04.16.2020

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The Benefits and Risks of IDaaS
While more companies are opting for quality cloud-based identity and access management (IAM), identity as a service, or IDaaS, is not for every company. There are many benefits of IDaaS, but they come with risks as well, which is why it is so important to find the right company to handle your IDaaS needs.  

 

Benefits of IDaaS
There are a number of positives to IDaaS, including the savings and efficiency of accessing services in demand. Not having to create your own in-house infrastructure for identity management means you don’t incur development or storage costs or give up valuable time setting up these systems. You will also probably have access to more features than you would if you tried setting IAM up in-house, and you will have more integration options with a cloud-based identity as a service solution.         

 

Risks of IDaaS
Although easily avoidable, one of the big negatives of IDaaS that many companies anticipate is the danger of having to outsource critical functions. Once you send your identity management service requirements to the cloud, they are outside your company firewall, and critical functions of your business are exposed to the internet. You must be sure your data and systems remain safe if you are going to use an IDaaS system.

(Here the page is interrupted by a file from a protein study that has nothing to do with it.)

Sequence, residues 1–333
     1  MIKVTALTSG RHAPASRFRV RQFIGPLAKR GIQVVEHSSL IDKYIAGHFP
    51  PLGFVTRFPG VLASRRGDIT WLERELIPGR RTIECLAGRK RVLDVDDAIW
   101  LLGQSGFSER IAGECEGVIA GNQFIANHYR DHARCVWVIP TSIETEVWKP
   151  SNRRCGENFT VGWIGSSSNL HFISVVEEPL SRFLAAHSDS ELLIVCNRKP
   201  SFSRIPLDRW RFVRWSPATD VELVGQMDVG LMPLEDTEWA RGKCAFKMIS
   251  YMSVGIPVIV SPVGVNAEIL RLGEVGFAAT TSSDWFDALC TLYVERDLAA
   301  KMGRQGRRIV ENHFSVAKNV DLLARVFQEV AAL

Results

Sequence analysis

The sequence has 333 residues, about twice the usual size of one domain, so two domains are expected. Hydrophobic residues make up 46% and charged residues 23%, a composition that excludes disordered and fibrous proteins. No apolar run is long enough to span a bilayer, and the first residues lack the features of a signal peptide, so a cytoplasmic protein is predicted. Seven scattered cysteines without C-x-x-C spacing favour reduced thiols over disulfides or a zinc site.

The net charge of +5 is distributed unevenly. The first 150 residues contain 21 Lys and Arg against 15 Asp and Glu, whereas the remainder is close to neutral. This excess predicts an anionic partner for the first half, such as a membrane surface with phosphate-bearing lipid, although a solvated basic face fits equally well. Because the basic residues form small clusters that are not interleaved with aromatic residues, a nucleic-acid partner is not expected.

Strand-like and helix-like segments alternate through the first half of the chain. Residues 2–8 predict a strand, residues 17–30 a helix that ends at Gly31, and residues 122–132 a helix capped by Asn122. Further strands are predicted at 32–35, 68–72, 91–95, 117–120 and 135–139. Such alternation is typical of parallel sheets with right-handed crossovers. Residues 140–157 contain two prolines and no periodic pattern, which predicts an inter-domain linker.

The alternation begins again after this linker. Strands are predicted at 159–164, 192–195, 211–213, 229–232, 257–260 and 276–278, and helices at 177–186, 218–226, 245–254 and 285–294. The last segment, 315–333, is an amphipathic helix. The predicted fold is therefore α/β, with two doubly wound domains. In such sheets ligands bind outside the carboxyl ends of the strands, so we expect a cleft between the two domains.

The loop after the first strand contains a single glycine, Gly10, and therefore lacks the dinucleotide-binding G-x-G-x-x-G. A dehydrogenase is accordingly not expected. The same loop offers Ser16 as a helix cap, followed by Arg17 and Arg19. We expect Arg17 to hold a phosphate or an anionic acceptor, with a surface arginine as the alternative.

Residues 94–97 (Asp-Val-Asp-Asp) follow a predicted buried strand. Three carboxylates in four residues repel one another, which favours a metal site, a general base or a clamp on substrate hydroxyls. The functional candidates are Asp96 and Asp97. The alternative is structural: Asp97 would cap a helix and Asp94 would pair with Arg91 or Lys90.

Optimal IdM Is the Solution
Optimal IdM identity authentication as a service is the perfect solution. We offer a federated cloud service with multifactor and mobile authentication and standard secure protocols. Because there is no syncing required, you do not need any cloud storage, so your data is not sitting on the cloud for a third party to intercept. You get all the benefits of IDaaS without some of the vulnerabilities you will get with other identity access management services with cloud storage. To learn more, request a free trial of our service today.

 

Tags

  • The database in which all of your organization’s sensitive identity data is stored.
  • A digital ledger in which digital transactions are recorded chronologically and publicly.
  • Securely managing customer identity and profile data, and controlling customer access to applications and services.
  • The means of linking a person's electronic identity and attributes, stored across multiple distinct identity management systems.
  • A legal framework that sets guidelines for the collection and processing of personal information of individuals within the EU.
  • The policy-based centralized orchestration of user identity management and access control.
  • An authentication infrastructure that is built, hosted and managed by a third-party service provider.
  • A security system that requires more than one method of authentication from independent categories of credentials to verify the user's identity for a login or other transaction.
  • A global provider of innovative and affordable identity access management solutions. 
  • Managing and auditing account and data access by privileged users.
  • Tools and technologies for controlling user access to critical information within an organization.
  • An authentication process that allows a user to access multiple applications with one set of login credentials.